The Crocodile Bird, by Ruth Rendell, published 1993.
About a month or two ago, a former teacher of mine, now an author, Kevin Polman, recommended the novel The Crocodile Bird by Ruth Rendell to me. I checked it out from my local library, but it took the maximum of 2 renewals for me to complete it. I am a bit disappointed in how slowly I read this novel because it was intriguing. I’ll admit I felt the beginning was a bit slow and I occasionally had a hard time figuring out if the main protagonist, Liza, was narrating the story in the present day to her boyfriend, Sean, or if the author had switched back to a flashback. However, it must not have messed me up too much, as every time I did sit down to read the book I would look up and see the time had flown by and realized I had read a good 30-50 pages without even trying.
The general plot of the story is that a mother and daughter lived in a gatehouse beside a secluded mansion away from traffic and civilization. The mother, Eve, wanted to shelter her daughter from all the evils of the world and of men. Eve also had a love affair with the house, the Shrove, which she managed the day-to-day operations and cleaning. The Shrove was generally vacant, as the master, Jonathan Tobias, did not stay there often. He would occasionally come by to visit though. Over time there were three tragedies that occurred at the Shrove and the book begins the night before Eve is arrested. The details of Eve’s possible connection to the crimes are revealed through Liza telling her story to Sean, who she ran to after her mother forced her to flee. Sean helps introduce Liza to the outside world. He taught her how to use money, find a job, etc. Liza never went to school, but she had been illegally homeschooled. Therefore, she was a novice to life.
Like mother like daughter. Eve wanted Liza to be just like her, almost like her clone, but she stipulates that she wants Liza to be without pain. Eve does not elaborate on what that pain is, but rather Ruth Rendell slowly paints a picture of Eve’s life and her interactions with men throughout it. But before her thought process is revealed to the audience, Eve’s determination to shelter Liza could easily be considered overkill. She never let Liza leave the gatehouse or Shrove grounds. Liza couldn’t even go to school, interact with other humans (other than a few landscape people, the milkman, Jonathan, and Bruno), or develop her own sense of self. Sean points out that her mother handicapped her for real life situations, but Liza seems unaffected. She accepts it as a part of her who she is and said she hasn’t known any other way. Her love for her mother is deep and detached at the same time. She keeps track of her mother’s trial throughout. In a way, it is a beautiful love story between a mother and daughter, but on the other hand, it is twisted and sociopathic. The amount of control Eve had over Liza is not healthy. She did not treat Liza like a human, but rather as a personal toy she needed to keep around. Liza should have gone to school, experienced childhood with other kids, and learn to make her own decisions, even if she did get hurt.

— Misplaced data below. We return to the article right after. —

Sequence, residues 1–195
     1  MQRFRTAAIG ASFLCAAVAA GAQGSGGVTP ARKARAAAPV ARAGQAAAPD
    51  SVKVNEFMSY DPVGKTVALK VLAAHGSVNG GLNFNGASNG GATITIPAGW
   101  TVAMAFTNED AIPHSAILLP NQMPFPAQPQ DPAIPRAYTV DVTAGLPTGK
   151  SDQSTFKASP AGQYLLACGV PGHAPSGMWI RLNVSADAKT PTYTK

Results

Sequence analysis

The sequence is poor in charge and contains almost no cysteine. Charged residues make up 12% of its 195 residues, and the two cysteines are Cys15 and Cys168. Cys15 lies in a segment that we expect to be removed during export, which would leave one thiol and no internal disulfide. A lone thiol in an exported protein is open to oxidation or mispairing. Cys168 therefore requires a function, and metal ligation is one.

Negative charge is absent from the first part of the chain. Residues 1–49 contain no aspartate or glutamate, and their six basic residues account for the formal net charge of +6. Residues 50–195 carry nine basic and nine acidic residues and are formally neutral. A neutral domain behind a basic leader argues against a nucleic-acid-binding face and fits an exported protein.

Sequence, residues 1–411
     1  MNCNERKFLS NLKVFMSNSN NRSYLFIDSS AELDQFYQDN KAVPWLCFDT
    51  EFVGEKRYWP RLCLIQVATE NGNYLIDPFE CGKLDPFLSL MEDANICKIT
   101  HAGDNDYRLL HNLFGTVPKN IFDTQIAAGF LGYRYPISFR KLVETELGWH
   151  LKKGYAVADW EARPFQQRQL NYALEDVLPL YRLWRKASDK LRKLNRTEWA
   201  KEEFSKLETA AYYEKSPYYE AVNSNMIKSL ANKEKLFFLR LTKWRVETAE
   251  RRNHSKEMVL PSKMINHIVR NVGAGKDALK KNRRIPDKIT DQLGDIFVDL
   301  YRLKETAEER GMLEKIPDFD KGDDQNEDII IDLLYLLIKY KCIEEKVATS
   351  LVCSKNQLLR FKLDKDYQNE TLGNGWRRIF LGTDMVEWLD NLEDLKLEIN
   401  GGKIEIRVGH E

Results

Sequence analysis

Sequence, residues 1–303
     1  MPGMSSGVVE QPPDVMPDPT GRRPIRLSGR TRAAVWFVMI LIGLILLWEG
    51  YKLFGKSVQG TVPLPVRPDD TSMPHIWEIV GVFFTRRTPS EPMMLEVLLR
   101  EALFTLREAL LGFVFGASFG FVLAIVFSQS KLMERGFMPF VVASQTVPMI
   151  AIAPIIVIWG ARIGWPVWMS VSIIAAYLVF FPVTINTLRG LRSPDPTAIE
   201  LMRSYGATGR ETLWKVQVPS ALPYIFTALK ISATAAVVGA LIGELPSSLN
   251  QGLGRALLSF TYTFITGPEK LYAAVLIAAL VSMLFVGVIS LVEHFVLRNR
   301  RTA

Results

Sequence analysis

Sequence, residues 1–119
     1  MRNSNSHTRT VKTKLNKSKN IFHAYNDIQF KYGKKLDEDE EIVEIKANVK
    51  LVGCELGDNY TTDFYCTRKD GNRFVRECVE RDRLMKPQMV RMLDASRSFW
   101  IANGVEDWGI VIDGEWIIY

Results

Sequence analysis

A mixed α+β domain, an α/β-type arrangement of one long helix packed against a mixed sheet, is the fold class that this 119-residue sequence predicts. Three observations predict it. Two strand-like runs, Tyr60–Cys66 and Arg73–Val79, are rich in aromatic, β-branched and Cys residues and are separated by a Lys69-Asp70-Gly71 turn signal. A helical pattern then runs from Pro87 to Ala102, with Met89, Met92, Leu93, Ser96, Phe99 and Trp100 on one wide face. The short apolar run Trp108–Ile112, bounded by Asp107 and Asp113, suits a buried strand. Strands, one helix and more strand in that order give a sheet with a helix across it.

Overall, I really enjoyed this novel and would be interested in reading more by Ruth Rendell. She is a prolific mystery writer and if her other novels are as enthralling as this one, I know I will enjoy them too.